Belkin Play Max ADSL Wireless Router review

Kat Orphanides
30 Jul 2010
Belkin Play Max ADSL Wireless Router
Our Rating 
Price when reviewed 
inc VAT

The Play Max ADSL router costs a lot but has the features to back it up – if you need them.



draft 802.11n dual band, 4x 10/100/1000Mbit/s Ethernet ports

Belkin’s Play Max ADSL router is as feature-packed as they come, with simultaneous dual-band 2.4GHz and 5GHz wireless radios, Gigabit Ethernet, two ports for USB device sharing and a guest network. This is particularly impressive given that ADSL routers often have fewer features than their cable equivalents.

The wireless connection is secure out of the box, so at no point can strangers wander on to your network. The default wireless password is printed on the base of the router. A 2.4GHz wireless guest network allows users to access the internet but not your local network. By default, this is protected using ‘cafe-style’ security, which requires guests to log in via a web page using a password.

Despite its pre-configured security, you’ll probably still want to use the wizard on the supplied CD to set up your wireless and ADSL settings, as there’s no configuration wizard built into the router’s otherwise comprehensive interface. The CD also includes a number of software tools that allow you to use the router's extra features.

The tools include a scheduled backup utility, management tools for printers and hard disks connected to the router, and the Vuze and Torrent Genie clients that allow you to download queued BitTorrent content to a hard disk attached to your router even when your PC is switched off. Documentation is rather scant, but they’re all easy to use.

Belkin Play Max ADSL Wireless Router

However, we were annoyed to find that many of these features - particularly the print server and BitTorrent client - couldn’t be managed from the router itself and required us to install Belkin’s Windows or Mac OS X software on every computer we wanted to use them from. You don’t have to install software on your PC to see shared USB drives on the network, but you can’t actually control them (mount or unmount, format etc.) via the router’s web interface, either.

In addition to the client-based Play Max capabilities, the router has all the usual features, including DDNS via DynDNS, QoS profiles, port forwarding and static routing. There are no parental controls but you can disable the wireless radio during fixed hours using the router’s Eco Mode settings.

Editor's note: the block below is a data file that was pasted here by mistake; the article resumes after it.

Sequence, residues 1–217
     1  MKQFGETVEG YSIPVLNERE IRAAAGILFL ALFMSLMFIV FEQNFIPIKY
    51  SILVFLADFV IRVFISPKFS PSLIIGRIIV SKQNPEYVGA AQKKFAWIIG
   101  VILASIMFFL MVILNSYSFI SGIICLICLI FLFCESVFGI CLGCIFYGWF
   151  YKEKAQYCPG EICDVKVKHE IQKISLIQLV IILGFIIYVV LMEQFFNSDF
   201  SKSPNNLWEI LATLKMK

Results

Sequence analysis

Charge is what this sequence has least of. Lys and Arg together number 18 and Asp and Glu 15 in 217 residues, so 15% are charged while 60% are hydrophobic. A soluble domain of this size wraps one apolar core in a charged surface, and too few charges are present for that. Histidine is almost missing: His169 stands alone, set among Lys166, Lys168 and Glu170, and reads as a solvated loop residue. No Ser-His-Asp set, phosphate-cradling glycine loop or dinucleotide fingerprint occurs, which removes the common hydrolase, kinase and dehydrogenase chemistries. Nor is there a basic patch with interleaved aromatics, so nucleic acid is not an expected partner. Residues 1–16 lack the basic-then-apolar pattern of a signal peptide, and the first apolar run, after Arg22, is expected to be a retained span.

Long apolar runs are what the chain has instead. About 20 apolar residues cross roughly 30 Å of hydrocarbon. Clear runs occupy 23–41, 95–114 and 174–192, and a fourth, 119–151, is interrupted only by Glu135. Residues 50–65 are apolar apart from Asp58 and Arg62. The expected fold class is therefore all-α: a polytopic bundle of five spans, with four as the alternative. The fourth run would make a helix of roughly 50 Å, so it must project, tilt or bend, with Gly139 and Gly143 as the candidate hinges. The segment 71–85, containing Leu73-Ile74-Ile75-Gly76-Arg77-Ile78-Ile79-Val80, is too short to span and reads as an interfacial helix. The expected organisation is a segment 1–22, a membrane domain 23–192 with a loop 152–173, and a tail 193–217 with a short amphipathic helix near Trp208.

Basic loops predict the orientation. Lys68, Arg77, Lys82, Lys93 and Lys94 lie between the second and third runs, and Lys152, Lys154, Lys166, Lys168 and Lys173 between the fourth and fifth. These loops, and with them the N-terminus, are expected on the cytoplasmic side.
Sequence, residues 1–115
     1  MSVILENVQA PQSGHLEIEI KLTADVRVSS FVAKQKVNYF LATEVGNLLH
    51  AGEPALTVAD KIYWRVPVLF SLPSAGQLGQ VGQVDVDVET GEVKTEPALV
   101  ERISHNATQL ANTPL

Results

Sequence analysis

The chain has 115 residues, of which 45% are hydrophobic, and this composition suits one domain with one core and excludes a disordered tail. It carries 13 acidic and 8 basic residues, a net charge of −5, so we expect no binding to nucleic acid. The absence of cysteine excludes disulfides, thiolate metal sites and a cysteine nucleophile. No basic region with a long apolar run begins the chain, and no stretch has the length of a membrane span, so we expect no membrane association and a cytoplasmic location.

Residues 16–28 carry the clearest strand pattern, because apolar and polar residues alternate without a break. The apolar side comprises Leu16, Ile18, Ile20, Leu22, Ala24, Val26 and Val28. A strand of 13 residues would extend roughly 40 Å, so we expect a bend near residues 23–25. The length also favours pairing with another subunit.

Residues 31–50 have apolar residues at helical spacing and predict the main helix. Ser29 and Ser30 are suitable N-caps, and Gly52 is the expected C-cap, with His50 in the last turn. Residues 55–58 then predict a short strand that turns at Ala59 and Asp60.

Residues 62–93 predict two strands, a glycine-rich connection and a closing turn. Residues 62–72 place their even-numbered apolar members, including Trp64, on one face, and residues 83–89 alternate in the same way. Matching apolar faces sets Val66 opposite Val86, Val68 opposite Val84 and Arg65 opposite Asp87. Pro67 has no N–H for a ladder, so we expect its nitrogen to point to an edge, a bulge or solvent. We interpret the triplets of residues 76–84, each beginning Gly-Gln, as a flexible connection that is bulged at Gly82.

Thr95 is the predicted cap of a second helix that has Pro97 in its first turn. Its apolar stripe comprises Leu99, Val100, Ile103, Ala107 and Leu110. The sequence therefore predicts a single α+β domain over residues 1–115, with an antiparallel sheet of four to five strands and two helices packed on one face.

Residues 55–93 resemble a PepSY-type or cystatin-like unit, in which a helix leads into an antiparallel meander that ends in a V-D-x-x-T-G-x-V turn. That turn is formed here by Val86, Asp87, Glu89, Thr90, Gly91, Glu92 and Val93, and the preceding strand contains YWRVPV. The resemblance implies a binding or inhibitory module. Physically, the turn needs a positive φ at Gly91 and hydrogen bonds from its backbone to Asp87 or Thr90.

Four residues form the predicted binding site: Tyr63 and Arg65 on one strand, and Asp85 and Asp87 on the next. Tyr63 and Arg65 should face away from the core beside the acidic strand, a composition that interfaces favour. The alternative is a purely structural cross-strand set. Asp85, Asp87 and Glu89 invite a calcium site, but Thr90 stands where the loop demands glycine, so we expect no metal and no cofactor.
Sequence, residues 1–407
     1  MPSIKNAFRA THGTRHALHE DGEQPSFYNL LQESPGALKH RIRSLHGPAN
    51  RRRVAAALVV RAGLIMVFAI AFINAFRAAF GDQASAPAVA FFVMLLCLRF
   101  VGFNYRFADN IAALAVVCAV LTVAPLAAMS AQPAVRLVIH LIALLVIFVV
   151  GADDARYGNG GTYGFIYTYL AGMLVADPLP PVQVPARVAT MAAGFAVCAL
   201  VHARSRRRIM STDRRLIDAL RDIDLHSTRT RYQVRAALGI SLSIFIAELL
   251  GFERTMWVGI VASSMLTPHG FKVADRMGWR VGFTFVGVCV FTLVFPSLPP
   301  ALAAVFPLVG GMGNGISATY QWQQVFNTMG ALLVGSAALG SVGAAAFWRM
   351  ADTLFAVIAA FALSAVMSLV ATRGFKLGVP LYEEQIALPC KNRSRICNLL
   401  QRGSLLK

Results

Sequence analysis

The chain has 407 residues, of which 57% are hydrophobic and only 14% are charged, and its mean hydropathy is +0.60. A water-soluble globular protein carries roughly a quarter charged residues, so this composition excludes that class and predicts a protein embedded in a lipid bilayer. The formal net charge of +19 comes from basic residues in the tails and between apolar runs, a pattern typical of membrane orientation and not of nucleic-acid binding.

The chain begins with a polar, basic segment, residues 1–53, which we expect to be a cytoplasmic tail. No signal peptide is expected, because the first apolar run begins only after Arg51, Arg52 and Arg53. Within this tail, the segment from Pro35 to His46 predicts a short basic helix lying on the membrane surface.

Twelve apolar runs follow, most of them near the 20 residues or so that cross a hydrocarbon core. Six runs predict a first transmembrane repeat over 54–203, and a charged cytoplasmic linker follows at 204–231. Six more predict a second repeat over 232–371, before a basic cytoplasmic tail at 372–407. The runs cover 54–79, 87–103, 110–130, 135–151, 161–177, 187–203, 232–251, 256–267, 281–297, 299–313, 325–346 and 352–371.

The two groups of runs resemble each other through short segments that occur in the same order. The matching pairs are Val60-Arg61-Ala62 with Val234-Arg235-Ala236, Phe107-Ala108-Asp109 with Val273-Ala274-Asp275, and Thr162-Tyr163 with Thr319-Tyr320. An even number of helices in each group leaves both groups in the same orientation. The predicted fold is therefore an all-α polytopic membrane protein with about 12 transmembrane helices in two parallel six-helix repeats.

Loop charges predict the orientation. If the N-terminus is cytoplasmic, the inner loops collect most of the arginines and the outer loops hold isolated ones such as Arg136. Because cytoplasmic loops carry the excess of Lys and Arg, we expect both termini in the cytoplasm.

The Play Max is quick, managing 41.9Mbit/s at 2.4GHz and 44.15Mbit/s at 5GHz in our 10m throughput test using our Centrino 2 test laptop. However, its performance at 20m only reached 13.7Mbit/s with our laptop. We got that up 19.1Mbit/s - just about enough for stable HD video streaming - at 5GHz and with Belkin’s own F7D4101 wireless adaptor (£44). However, the router’s 5GHz performance can’t rival the near-Ethernet speeds we saw from Linksys’s WAG320N, our 5GHz record holder.

Although the Play Max performs well and has loads of great features, it falls just short of an award. It’s the most versatile dual-band ADSL router around, with few serious rivals, but its high price and dependence on software tools mean that it's only worth buying if you really need all of its features.

Basic Specifications

Modem typeADSL
802.11b supportyes
802.11g supportyes
Draft 802.11n supportyes
Draft 802.11n 5GHz supportyes
Turbo modechannel-bonding
Stated speed300Mbit/s


128-bit WEPyes
MAC address filteringyes


Internal/external antennasinternal
Upgradeable antennano
Number of WAN ports1
Ethernet ports4
Ethernet connection speed10/100/1000Mbit/s
Other ports2x USB
Wall mountableyes
Power consumption on10W

Other Features

Dynamic DNSyes
Universal Plug and Play supportyes
DHCP serveryes
MAC spoofingyes
Port forwardingyes
WDS Supportyes
USB device supportyes

Buying Information

Warrantytwo-year RTB